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UAS summit features North Dakota technology

GRAND FORKS — General Atomics, a tenant of the Grand Sky UAS Research and Development Park, has received a certificate of authorization to conduct beyond-visual-line-of-sight flights within 60 miles of the Grand Forks Air Force Base without a visual observer or a chase plane. The announcement was made on Tuesday, Aug. 27, by Sen. John Hoeven, R-N.D., during a panel discussion at the Unmanned Aerial Systems Summit and Expo held at the Alerus Center in Grand Forks.

The company will fly its MQ-9 Predator out of Grand Sky without a chase plane.

“This is a significant expansion of the company’s unmanned operations in the state, another important step toward safely integrating this technology into our airspace and further proof that North Dakota is the location of choice for UAS research, development, testing and operations," Hoeven said.

The BVLOS waiver from the FAA will allow the company to continually operate in the region without having to wait for approval for each flight, a time saver for the company and an opportunity for expanded pilot training — and sales.

“The reason this is such a big deal, it’s continuous operations, so for a 60-mile radius they just fly,” Hoeven said. “They’re not only training their own pilots, they are also training pilots for foreign military sales, so when they sell aircraft to France or England, they can bring those pilots here and train them. This is real commercial use, real commercial application.”

Hoeven said he hopes the unmanned flights will expand from 60 miles to statewide in the future.

U.S. Air Force Chief of Staff General David Goldfein and Federal Aviation Administration Assistant Administrator Bailey Edwards are attending the summit to gain firsthand knowledge of North Dakota’s UAS ecosystem and to outline the next big steps in integrating this technology into the national airspace.

“We have always had our sights on integrating UAS into the national airspace, which will allow us to unlock the vast potential of this technology,” Hoeven said. “It’s no simple task, and in order to do so safely, we’ve worked to ensure North Dakota has the capabilities to tackle everything that integration entails. That includes developing counter-UAS technologies, managing unmanned air traffic and flying in a variety of conditions, including at night, at any altitude and over people."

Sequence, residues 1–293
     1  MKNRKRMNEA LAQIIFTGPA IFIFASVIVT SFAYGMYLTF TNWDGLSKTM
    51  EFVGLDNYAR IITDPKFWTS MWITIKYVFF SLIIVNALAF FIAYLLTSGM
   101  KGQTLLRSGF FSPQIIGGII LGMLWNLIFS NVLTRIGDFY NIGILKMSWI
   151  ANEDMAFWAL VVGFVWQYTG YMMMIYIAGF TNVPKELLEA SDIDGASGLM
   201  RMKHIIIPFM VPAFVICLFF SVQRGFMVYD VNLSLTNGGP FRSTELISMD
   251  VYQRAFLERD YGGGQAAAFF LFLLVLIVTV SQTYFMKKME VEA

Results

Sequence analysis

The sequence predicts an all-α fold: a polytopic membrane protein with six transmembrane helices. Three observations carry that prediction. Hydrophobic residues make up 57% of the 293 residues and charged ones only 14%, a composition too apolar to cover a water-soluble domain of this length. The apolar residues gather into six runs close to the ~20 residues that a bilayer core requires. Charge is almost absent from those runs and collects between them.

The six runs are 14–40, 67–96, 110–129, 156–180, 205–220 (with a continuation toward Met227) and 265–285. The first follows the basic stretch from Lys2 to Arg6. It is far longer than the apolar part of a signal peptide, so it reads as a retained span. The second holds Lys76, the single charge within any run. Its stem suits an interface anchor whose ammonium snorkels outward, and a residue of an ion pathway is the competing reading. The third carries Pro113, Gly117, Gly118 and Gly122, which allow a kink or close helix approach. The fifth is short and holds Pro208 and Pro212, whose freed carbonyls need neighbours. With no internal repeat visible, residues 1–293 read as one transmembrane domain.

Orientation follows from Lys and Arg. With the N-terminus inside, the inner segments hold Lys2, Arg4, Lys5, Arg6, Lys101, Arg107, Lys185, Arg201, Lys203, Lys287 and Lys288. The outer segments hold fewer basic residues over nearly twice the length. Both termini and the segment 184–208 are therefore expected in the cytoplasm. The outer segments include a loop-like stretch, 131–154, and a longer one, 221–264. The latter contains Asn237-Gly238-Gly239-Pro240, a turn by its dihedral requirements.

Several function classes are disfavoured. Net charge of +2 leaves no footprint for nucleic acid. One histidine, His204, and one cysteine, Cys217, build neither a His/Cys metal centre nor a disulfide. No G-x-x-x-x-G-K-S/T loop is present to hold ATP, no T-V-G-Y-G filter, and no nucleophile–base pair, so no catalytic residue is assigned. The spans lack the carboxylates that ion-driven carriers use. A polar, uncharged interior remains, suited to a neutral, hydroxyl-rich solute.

Hoeven said he is working to develop an unmanned traffic management system under a pilot program with the Northern Plains UAS Test Site, the FAA, NASA and the test sites in Nevada and Virginia.

Edwards echoed the senator’s comments about unmanned traffic management being a key component in moving the industry forward, especially in terms of safety. In addition to this, remote I.D. requirements, which will allow law enforcement to identify a drone in the air — as well as its operator — will help establish counter UAS technologies, though people whose drones transgress into restricted airspace aren’t necessarily “malicious.”

“For the FAA specifically, it’s safe and secure UAS integration and UTM,” Edwards said. “Often you’re talking about clueless and careless actors who didn’t know they went into someplace they shouldn’t.”

Goldfein commented that conflict between nations traditionally focused on hardware, but now it must focus on software.

“The national defense strategy that articulates what our threat picture looks like on the globe; it’s becoming more and more important that we harness the technology available to us to be able to provide multiple dilemmas for an adversary,” he said.

Goldfein expressed his praise for the region’s development of drones and research, with all the efforts local institutions have contributed.

“It’s what the senator mentioned, which is the thought leaders in Grand Forks, University of North Dakota, Grand Sky, this is where it all comes to together, to help us really think about the future of unmanned aerial vehicles and operations, and quite frankly, I think we’ve just scratched the surface on the true capabilities,” Goldfein said.